The Phillimore Atlas and Index of Parish Registers has been digitized and is available at Ancestry.com!

Better a day late???

Wow!  Just announced in the Ancestry blog http://blogs.ancestry.com/ancestry/2014/06/20/historic-victorian-atlas-published-online/ This is great news for anyone doing research in  Great Britain – that is England, Scotland or Wales!  Never available before in digital format that I am aware – this along with the Imperial Gazetteer of 1872 are foundation research tools.  The Imperial Gazetteer is also available at Ancestry.com and elsewhere on the internet.

Here is the description of the Phillimore Atlas:

“Parish registers are a vital resource for the period prior to civil registration, which began in England and Wales in 1837. When looking for registers, it’s important to know what the parish boundaries were at a specific point in time because many parish boundaries have changed over the centuries. For example, beginning in the 1830s many of the larger old, or “ancient,” parishes began being split up into smaller parishes.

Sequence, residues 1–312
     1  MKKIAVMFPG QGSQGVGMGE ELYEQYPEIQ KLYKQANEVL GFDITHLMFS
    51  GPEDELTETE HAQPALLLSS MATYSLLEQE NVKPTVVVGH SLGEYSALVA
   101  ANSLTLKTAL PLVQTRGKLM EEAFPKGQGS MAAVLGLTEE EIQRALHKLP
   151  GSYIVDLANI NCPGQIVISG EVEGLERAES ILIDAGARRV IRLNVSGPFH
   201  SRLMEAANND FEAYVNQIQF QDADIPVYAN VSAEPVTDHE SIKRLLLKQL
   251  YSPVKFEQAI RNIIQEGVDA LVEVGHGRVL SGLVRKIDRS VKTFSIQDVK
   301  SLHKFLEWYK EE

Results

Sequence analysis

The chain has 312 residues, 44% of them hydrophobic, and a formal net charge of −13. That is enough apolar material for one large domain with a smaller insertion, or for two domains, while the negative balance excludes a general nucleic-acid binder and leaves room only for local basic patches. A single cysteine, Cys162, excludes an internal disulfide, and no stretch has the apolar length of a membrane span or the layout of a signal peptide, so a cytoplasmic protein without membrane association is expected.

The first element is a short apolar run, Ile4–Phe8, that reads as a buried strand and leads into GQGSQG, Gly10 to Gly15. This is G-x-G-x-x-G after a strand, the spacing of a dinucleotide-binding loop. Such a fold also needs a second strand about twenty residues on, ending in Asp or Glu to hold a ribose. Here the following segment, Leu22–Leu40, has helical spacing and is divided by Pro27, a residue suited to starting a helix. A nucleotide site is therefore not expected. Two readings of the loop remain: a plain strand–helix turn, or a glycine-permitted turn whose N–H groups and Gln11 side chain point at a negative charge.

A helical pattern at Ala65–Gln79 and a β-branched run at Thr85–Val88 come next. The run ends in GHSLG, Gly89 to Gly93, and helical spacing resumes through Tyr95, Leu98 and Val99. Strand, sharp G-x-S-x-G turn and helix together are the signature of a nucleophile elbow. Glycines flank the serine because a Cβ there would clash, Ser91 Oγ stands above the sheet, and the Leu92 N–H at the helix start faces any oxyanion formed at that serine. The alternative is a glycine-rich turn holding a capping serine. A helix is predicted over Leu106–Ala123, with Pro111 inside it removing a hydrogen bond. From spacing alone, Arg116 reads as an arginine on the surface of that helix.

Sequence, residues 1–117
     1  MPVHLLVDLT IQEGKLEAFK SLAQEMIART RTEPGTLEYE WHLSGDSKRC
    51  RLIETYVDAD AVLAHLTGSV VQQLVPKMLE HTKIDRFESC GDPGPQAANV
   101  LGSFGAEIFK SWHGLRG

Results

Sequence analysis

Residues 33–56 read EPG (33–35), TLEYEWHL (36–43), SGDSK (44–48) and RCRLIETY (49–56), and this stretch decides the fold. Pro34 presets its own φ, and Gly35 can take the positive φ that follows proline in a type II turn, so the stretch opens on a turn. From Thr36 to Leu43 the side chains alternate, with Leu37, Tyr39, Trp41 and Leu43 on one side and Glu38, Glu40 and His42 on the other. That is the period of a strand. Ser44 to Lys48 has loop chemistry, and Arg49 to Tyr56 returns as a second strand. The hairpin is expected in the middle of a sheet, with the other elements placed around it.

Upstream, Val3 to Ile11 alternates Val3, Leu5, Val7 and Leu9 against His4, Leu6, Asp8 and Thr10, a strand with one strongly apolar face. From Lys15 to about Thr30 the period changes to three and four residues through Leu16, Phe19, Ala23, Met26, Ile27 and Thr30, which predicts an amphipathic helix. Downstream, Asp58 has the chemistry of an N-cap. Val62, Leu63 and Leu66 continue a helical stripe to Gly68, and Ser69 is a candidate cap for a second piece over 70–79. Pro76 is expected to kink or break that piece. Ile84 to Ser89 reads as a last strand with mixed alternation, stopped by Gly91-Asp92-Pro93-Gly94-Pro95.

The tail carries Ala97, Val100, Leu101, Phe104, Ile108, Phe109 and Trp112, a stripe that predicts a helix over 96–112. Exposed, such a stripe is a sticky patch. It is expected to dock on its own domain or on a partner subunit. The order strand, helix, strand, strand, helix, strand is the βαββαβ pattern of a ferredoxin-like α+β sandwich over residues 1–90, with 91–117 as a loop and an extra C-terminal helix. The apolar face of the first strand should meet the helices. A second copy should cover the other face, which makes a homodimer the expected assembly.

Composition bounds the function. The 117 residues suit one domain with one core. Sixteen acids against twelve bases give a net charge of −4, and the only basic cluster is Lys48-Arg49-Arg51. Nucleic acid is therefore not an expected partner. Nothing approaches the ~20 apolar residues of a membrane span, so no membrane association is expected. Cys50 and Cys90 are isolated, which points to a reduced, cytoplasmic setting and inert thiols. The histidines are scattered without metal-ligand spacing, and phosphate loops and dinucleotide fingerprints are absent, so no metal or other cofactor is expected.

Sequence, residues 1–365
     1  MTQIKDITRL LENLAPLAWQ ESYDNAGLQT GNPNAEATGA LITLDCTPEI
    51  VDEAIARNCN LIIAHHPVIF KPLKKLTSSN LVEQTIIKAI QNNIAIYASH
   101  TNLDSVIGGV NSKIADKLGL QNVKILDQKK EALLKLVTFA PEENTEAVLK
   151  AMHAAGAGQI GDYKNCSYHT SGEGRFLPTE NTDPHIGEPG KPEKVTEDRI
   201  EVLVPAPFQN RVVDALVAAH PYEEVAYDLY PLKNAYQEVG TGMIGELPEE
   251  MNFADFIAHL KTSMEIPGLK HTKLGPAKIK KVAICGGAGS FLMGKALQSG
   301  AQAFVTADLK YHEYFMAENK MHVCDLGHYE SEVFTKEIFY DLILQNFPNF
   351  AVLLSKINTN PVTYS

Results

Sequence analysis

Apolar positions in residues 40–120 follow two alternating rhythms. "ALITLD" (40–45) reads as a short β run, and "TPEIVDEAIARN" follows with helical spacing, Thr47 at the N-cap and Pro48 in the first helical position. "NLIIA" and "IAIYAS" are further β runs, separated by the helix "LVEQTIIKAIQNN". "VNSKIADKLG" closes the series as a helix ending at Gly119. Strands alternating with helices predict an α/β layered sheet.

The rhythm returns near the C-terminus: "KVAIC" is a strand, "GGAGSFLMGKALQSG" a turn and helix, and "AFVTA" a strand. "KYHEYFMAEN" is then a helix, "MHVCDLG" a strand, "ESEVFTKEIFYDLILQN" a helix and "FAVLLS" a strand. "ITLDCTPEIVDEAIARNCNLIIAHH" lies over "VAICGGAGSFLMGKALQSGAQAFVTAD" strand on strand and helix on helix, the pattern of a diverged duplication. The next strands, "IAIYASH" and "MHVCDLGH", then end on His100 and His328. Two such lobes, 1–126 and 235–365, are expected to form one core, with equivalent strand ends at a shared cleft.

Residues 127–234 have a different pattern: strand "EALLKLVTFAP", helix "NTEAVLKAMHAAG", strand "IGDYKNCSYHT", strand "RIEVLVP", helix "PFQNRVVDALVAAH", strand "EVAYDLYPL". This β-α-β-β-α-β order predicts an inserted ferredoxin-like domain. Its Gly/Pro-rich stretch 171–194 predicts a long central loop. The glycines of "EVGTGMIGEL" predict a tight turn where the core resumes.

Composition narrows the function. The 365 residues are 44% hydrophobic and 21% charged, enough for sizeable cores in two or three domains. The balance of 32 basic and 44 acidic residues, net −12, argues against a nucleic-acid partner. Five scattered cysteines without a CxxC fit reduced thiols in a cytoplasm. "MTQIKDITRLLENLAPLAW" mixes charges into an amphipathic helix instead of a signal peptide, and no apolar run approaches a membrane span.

The Phillimore Atlas outlines old parishes prior to 1832 and provides the date of the earliest surviving registers for the parish. The atlas includes England, Wales, and Scotland.

Some counties included hundreds of parishes, so knowing a parish’s location is a huge help when you’re trying to locate your ancestor’s parish records. In addition, your ancestor may have left records in several nearby parishes, all while living in the same area. The Phillimore Atlas provides an easy way to see what parishes were in the area prior to 1832 so you can do a thorough search.

The maps we have available do not have the grid printed along the sides. All maps have a grid range from A1 to M10, with the letters falling along the longest side.”

This is one of my treasured books!  – but the digital online version looks even easier to read!

How do you find this on the Ancestry web site?  Go to the menu Search and select Card Catalog – and then on the next screen Sort by Date Added

Don’t have an Ancestry membership?  Head to your local Family History Centre

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